Bowden attempted 74 passes, 185 rushes, caught 30 passes and returned 13 kicks and punts this year. That’s 302 plays in which Bowden was called on this year. That’s 34.7% of all of UK’s passes, rushes, and kick and punt returns.
There’s nothing special about that — it’s not quite as high as Chuba Hubbard’s (the nation’s leader in rushing yards, rushing attempts and plays from scrimmage) usage, which was 36.2% this year under the same circumstances. But it wasn’t until Bowden’s first start at quarterback that his usage jumped.
Focus just on Bowden’s eight-game run as starting quarterback, and that percentage jumps to 52.9%. That’s a whole lot higher than Hubbard’s, despite the fact that Bowden and Hubbard were used in similar ways.
The sheer volume of his usage on offense made Bowden impactful regardless of his success. The fact that Bowden played as well as he did took his legend status at UK to another level.
It’s difficult to compare Bowden’s usage to other quarterbacks, because few teams throw as rarely as UK did this year, and you’d be hard-pressed to find another quarterback that returned punts and kicks this year.
Even so, Oklahoma Sooners star quarterback Jalen Hurts, a Heisman finalist and one of the most well-established dual threat players in the nation, was called on for 57.1% of OU’s offensive plays.
But Hurts had over 100 more passing attempts than he did rushing attempts this year. OU’s offense was far more balanced than UK’s and that kept Hurts from pounding himself into the defense on every play. Bowden didn’t have that luxury. His passing ability, or lack thereof, left UK with no choice but to use his legs as much as possible.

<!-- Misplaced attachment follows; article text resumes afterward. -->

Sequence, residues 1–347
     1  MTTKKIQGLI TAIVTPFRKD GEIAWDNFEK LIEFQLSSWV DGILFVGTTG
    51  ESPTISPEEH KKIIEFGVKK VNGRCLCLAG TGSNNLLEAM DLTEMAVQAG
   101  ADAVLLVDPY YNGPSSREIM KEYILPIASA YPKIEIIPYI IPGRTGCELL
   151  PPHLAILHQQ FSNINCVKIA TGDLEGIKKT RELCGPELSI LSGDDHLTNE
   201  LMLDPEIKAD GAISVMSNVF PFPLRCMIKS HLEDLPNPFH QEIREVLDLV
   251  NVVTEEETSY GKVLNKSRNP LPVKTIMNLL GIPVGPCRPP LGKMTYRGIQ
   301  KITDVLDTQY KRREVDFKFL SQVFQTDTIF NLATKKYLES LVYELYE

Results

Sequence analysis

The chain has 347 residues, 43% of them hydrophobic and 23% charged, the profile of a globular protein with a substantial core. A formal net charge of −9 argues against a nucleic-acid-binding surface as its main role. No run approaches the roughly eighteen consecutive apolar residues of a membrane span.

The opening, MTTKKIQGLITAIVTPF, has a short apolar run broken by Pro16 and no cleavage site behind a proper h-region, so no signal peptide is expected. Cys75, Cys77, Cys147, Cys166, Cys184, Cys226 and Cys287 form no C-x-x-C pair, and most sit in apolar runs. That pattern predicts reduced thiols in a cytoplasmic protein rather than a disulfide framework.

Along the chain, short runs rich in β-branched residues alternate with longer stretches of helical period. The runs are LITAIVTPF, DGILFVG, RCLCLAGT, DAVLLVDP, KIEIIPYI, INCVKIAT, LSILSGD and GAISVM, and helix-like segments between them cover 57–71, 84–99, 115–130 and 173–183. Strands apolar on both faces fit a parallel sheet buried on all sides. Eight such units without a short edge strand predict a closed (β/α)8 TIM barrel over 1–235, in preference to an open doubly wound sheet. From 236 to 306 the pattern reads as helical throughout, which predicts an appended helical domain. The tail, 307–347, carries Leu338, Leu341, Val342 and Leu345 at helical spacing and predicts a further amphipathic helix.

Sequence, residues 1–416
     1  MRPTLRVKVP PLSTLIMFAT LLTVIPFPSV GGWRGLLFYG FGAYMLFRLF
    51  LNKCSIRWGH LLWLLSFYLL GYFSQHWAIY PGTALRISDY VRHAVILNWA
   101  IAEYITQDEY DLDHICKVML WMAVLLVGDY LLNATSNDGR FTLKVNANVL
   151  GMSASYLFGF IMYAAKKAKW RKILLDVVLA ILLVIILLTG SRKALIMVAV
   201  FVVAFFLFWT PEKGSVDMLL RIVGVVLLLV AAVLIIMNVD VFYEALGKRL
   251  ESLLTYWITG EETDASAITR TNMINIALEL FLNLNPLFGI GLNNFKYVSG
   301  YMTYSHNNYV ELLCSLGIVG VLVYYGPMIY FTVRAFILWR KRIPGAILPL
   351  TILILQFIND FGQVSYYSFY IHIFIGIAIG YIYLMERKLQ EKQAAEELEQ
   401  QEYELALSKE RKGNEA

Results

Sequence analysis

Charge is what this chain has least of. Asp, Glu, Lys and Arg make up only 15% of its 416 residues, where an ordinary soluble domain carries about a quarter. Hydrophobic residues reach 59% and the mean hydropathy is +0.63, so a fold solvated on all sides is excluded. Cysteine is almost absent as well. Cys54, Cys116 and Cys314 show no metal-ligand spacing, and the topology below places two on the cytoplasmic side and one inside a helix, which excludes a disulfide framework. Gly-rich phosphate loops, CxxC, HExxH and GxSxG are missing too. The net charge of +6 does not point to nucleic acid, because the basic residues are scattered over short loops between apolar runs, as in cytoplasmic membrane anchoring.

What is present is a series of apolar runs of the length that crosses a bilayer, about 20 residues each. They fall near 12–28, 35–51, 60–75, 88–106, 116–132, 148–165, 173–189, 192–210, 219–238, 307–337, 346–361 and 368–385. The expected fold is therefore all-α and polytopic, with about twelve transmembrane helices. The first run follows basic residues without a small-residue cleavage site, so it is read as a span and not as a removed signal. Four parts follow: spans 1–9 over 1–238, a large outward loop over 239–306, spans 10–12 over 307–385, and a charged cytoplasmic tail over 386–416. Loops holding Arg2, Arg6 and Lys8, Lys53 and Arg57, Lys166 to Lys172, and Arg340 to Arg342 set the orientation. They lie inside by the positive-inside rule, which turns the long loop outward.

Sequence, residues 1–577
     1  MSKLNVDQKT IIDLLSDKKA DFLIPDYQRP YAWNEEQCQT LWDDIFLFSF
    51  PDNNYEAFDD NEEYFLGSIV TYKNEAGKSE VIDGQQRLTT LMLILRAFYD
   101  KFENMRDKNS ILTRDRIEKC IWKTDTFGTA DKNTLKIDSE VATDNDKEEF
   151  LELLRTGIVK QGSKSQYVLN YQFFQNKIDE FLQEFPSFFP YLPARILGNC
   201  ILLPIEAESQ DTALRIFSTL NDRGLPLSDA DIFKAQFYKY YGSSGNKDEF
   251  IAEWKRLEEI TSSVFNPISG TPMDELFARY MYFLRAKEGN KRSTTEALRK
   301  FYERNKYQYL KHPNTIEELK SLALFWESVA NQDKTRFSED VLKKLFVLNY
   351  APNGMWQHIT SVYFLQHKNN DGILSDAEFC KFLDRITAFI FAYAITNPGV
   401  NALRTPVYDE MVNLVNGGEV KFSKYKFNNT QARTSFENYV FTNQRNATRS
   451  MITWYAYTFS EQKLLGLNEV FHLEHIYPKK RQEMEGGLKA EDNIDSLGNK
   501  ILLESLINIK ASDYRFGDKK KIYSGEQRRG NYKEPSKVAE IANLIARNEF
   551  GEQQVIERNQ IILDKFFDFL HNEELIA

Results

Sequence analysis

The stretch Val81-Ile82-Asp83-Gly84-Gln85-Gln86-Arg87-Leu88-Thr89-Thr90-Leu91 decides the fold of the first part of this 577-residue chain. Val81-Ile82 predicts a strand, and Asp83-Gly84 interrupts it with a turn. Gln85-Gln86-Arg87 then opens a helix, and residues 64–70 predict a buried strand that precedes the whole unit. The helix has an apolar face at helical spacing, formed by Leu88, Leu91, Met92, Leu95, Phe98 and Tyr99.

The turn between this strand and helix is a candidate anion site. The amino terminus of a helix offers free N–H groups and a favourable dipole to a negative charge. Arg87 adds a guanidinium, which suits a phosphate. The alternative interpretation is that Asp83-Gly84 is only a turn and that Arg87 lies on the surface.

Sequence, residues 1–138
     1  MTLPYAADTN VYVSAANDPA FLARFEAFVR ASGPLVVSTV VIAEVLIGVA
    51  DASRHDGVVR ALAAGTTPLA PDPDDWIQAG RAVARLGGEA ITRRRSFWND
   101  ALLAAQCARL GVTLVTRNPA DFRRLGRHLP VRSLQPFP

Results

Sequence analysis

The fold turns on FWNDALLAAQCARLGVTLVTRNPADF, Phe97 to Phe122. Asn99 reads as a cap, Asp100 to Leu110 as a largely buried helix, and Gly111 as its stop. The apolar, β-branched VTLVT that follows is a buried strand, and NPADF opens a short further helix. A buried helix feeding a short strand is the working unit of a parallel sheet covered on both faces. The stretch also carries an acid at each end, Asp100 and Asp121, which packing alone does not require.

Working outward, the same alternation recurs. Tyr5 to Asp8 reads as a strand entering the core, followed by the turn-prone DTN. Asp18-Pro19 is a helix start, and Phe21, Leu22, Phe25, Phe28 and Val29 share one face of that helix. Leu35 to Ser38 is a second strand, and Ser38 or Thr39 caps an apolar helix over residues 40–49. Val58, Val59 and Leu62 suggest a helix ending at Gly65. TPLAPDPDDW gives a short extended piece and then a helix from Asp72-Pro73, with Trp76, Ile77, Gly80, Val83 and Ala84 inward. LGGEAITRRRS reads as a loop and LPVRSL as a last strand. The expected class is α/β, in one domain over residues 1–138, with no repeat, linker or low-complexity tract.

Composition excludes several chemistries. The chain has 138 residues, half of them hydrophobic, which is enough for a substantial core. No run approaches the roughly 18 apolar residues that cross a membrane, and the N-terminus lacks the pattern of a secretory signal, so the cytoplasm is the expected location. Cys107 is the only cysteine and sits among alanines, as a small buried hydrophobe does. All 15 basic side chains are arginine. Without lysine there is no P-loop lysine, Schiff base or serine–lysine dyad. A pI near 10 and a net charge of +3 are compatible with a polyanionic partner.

Can you blame them? It worked a charm. And Bowden could’ve immortalized himself on a national scale if he’d played a full season at quarterback.
If Bowden had been UK’s starting quarterback for all 13 games, his numbers project that he’d record 280 rushing attempts (that’d be good for sixth in the nation) and 2,225 rushing yards (that’d be the best in the nation — and sixth on the all-time FBS leaderboard).
Bowden could’ve been impactful at any of the several positions he played at UK if he stuck to just one of them. But if it hadn’t been for his willingness to move to quarterback, UK’s 2019 season would have been a disaster.
Bowden saved the Wildcats this year, and he showed his versatility to NFL teams in the process. We’ve seen players like Bowden have success in the league before.
Taysom Hill has become one of the hottest names in the league this year, as the New Orleans Saints’ backup quarterback has played tight end, running back and wide receiver this year. He’s caught touchdown passes, he’s thrown blocks, hell, he’s even blocked a punt this year. A team looking for its own Taysom Hill — with a far higher ceiling as a receiver or H-back — could bet on Bowden early in this year’s draft.
Hopefully, the Raiders find a way for Bowden to make the biggest impact he possibly can.